LIBOR transition: 3 key focus areas may require immediate actions from corporates
- November 2, 2020
Corporates | Kennett Square, PA
Two key events in the transition from LIBOR occurred during October and could affect your organization’s existing derivatives and debt portfolios. This article outlines the accounting and operational impacts of these milestones as well as immediate actions that you should consider taking.
October 2020 was a critical month for the LIBOR transition with two events that marked major milestones in the phase-out of LIBOR:
- On October 16, 2020, CME and LCH, the largest central clearing houses in the derivative market, switched from using the Federal Funds Overnight Indexed Rate (“OIS”) to the Secured Overnight Financing Rate (“SOFR”) to discount valuations as well as to calculate interest due on collateral.
- On October 23, 2020, the International Swaps and Derivatives Association (ISDA) published the 2020 IBOR Fallbacks Protocol and amended definitions. The Protocol and amended definitions will become effective on January 25, 2021.
Since both events could affect your organization’s existing derivative and debt portfolios, Chatham has summarized the accounting and operational impact of these events.
The discounting transition will impact parties to cleared swaps by introducing SOFR discounting risk which affects the value of existing positions. Chatham’s valuation models and infrastructure support this market change on all impacted cleared USD LIBOR swaps. Chatham has switched to using SOFR discounting on valuations for cleared swaps beginning October 16, 2020. If your portfolio includes cleared swaps, you may need to take immediate action to switch the valuation methodology from OIS to SOFR discounting.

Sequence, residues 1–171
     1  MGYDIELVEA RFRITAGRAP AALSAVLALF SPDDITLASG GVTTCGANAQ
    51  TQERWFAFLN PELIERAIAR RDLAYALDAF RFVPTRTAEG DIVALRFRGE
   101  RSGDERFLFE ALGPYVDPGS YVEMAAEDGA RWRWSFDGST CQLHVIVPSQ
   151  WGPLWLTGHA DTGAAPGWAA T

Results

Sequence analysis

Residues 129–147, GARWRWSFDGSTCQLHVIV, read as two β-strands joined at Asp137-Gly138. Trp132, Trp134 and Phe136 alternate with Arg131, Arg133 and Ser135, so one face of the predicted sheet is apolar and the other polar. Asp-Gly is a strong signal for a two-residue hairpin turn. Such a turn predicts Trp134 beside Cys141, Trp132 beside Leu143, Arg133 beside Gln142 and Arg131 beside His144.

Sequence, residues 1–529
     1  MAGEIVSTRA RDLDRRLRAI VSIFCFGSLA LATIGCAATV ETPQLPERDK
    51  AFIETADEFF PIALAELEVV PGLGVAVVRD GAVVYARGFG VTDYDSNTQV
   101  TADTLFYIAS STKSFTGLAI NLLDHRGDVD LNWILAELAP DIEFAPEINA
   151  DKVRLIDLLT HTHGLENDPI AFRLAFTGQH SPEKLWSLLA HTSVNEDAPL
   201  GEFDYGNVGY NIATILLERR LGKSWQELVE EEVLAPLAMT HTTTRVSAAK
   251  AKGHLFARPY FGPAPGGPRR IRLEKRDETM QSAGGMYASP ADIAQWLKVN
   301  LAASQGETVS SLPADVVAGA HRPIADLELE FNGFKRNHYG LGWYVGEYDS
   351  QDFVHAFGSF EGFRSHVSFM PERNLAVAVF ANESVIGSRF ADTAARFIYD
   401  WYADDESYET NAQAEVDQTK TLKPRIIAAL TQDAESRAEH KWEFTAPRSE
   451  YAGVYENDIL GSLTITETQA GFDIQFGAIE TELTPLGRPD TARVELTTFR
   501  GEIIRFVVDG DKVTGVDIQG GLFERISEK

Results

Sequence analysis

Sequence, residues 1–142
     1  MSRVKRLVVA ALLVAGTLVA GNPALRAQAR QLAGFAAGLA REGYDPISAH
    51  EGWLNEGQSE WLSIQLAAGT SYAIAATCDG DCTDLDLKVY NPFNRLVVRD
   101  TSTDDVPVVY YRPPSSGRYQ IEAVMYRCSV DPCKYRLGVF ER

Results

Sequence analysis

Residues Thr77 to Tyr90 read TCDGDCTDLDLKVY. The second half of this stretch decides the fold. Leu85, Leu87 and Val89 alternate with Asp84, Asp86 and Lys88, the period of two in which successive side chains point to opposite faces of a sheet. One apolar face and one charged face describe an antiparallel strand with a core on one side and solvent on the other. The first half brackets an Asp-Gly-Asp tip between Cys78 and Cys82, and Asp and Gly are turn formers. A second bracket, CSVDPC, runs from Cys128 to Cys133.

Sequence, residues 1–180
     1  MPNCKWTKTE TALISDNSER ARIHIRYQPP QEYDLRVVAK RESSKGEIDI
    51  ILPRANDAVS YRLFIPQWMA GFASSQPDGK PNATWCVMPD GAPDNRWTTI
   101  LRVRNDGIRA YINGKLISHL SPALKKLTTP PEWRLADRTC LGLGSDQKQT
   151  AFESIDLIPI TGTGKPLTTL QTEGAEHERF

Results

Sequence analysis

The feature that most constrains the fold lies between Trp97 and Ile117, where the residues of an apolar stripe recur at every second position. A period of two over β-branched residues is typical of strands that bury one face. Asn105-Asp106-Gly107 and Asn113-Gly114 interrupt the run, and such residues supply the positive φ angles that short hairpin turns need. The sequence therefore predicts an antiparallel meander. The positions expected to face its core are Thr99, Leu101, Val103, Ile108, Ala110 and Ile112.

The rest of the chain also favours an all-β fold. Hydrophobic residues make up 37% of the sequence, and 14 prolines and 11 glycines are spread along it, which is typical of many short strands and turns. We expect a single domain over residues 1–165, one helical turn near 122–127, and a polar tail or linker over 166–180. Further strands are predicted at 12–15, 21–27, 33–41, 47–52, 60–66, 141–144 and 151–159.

Chatham expects that all uncleared USD transactions will move to be discounted on SOFR soon. For parties to uncleared OTC derivatives, we will follow guidance on appropriate valuation methodology and industry practice to determine the appropriate discounting methods. When the switch occurs, Chatham will provide advance notice to clients in connection with making this discounting change for uncleared derivatives.
(Related insight: "SOFR forward curve update and the CCP 'Big Bang'")
Operations: ISDA IBOR Fallbacks Protocol
ISDA’s 2020 IBOR Fallbacks Protocol allows parties to automatically amend their ISDA documentation — including trade confirmations — to incorporate the updated IBOR definitions that will go into effect on January 25, 2021. The amended ISDA definitions for the IBOR benchmarks incorporate more robust fallback provisions that will apply in the event of a permanent cessation of the underlying reference rate such as USD-LIBOR-BBA, or in some cases, when LIBOR is no longer representative of the underlying market. The Protocol enables parties to efficiently amend their Protocol-covered documentation in a consistent manner and with multiple counterparties all at once. For the terms of the Protocol to apply, all parties to the document being amended must also be adhering parties to the Protocol. The hedging entity and its counterparty(ies) complete their Protocol adherence by delivering ISDA’s Adherence Letter to ISDA for acceptance, which Chatham can help facilitate.
While the Protocol provides significant benefits by allowing parties to amend numerous documents at once, Protocol adherence may not necessarily be the optimal choice for all companies wishing to prepare for the permanent cessation of LIBOR. Some companies may benefit from customizing their IBOR fallback language on a case-by-case basis, particularly if a company’s non-ISDA-based documentation (such as loan documents) contains bespoke fallback provisions or spread adjustments. The Chatham team is happy to assist you as you consider adhering to the ISDA protocol or making other changes to your derivative instruments.